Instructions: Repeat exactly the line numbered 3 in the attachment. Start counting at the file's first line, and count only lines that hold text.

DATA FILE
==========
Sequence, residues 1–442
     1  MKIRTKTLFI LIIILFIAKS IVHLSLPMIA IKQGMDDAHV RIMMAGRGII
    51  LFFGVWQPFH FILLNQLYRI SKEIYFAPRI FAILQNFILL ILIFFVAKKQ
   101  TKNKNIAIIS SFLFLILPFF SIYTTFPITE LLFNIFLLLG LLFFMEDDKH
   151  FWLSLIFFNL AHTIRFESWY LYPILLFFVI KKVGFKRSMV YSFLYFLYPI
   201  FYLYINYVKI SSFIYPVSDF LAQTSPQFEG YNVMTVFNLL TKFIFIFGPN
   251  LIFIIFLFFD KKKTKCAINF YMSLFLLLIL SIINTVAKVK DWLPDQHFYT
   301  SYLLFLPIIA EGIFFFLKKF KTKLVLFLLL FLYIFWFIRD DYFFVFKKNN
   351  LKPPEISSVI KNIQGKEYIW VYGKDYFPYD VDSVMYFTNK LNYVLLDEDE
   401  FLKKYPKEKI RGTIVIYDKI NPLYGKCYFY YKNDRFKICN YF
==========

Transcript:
    51  LFFGVWQPFH FILLNQLYRI SKEIYFAPRI FAILQNFILL ILIFFVAKKQ